Buying the Pound and Selling the Australian Dollar: A ‘Long Trade’ that Keeps Giving

Trader exchange rates

The Pound to Australian Dollar exchange rate has been bumped up in value by a further 0.5% on Tuesday, April 25.

At the time of writing GBP/AUD is sitting at 1.6991, just below that threshold level at 1.70.

We have seen Sterling on the move higher for one-and-a-half months now and the rally has foreign exchange strategists at Barclays in London smiling.

“Sterling’s recent rally has supported a total gain of about 6% in our long GBPAUD trade since we initiated on 23 March,” says Hamish Pepper at Barclays.

When Barclays called the trade they noted that Sterling was benefitting from the downturn in global risk sentiment - it was noted that the currency had become something of a safe-haven for investors.

Barclays entered the trade at 1.60 which, looking at the chart, was a pretty decent entry point:

GBP/AUD exchange rate history

But, can the momentum continue and Sterling continue to claw back value against the Aussie?

Yes says Pepper who has this week told clients he continues to believe a target at 1.75 is valid.

“The positive GBP reaction to last week’s announcement of an 8 June snap election is appropriate. In most scenarios the election should improve the government’s negotiating position and reduce political uncertainty, creating risks of a faster GBP reversion to fair value than our forecasts imply,” says Pepper.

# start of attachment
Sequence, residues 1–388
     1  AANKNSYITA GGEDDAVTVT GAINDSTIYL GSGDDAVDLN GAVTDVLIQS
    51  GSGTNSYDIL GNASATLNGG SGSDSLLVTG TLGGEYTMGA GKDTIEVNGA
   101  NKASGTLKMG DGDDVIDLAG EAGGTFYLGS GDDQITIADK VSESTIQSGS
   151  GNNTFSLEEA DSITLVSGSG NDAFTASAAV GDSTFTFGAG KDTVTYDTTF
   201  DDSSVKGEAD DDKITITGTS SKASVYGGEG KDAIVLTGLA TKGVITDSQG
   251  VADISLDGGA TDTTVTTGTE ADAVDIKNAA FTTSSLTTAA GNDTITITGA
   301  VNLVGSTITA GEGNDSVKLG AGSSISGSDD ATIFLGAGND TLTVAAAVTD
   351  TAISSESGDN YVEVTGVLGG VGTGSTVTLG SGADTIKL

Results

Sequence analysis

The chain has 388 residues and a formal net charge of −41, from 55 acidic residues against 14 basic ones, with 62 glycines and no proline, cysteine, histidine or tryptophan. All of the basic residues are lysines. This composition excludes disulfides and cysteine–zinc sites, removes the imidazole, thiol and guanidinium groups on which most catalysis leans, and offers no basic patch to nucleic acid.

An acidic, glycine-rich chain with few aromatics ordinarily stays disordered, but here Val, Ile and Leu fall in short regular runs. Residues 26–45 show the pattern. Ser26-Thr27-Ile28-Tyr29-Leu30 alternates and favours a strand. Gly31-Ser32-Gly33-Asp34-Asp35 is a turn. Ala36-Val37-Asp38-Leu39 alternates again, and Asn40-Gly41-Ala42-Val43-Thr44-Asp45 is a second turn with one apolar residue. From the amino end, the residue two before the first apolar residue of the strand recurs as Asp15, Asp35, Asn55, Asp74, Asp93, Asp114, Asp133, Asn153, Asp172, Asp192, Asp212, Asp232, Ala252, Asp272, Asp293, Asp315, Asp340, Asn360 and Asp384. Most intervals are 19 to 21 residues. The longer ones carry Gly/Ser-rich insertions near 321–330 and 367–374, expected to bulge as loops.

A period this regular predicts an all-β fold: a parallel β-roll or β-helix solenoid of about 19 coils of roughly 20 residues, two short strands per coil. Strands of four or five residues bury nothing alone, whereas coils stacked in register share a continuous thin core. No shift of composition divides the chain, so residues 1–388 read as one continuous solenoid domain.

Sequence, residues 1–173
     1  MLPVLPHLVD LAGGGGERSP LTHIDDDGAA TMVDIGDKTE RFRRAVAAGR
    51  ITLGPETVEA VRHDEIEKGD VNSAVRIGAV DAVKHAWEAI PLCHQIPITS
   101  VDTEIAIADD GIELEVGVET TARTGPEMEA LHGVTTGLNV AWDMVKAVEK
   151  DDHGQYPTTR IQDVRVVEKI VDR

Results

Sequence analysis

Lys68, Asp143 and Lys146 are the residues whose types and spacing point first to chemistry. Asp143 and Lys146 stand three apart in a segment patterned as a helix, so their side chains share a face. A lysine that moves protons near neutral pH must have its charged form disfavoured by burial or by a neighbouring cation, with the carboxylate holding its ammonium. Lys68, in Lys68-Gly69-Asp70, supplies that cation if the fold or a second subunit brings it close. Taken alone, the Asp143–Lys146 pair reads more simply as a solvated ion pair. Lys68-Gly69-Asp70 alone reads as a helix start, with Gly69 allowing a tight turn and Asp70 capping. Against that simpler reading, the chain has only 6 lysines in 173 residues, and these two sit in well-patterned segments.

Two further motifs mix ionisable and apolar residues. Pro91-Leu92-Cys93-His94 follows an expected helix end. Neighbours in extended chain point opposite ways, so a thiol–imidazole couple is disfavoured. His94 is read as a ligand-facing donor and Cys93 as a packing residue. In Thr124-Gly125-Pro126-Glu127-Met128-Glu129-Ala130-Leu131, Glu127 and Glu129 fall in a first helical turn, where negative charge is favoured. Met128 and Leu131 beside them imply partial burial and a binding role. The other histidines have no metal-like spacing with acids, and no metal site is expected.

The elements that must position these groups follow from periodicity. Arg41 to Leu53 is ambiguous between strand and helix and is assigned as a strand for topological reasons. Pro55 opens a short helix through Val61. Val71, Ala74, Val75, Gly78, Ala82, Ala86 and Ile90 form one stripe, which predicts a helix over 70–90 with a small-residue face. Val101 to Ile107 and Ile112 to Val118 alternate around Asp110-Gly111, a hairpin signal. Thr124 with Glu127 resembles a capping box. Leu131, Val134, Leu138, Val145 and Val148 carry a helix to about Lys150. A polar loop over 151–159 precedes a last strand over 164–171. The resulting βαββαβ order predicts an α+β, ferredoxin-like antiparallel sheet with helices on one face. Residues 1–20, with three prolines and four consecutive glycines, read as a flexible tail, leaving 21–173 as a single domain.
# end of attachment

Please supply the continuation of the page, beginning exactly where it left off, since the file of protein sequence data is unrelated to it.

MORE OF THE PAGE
Despite last week’s appreciation, Barclays believe GBP remains about 9% cheap on a real effective exchange rate basis.

Barclays argue an outcome consistent with current polls should increase the Conservative government’s majority materially, providing Prime Minister May with greater ability to oppose hard-line Brexiters within her party and pursue a more moderate stance.

May’s possible direct election is also likely to reinforce the government’s negotiating position and would probably occur even in the event of an unchanged Conservative majority.

“The risk of the election delivering a stronger opposition is not necessarily negative for GBP if its unifying theme is pursuing a softer Brexit,” says Pepper.

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